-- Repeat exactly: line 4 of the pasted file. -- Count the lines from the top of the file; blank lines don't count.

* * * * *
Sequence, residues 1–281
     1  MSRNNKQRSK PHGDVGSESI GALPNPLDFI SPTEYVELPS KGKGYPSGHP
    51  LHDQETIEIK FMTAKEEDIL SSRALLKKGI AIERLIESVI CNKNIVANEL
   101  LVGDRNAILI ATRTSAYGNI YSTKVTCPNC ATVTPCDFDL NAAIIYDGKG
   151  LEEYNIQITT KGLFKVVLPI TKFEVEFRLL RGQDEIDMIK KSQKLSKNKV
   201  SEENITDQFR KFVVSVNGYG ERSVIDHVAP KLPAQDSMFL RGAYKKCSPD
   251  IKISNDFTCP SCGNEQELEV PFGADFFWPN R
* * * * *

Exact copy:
   101  LVGDRNAILI ATRTSAYGNI YSTKVTCPNC ATVTPCDFDL NAAIIYDGKG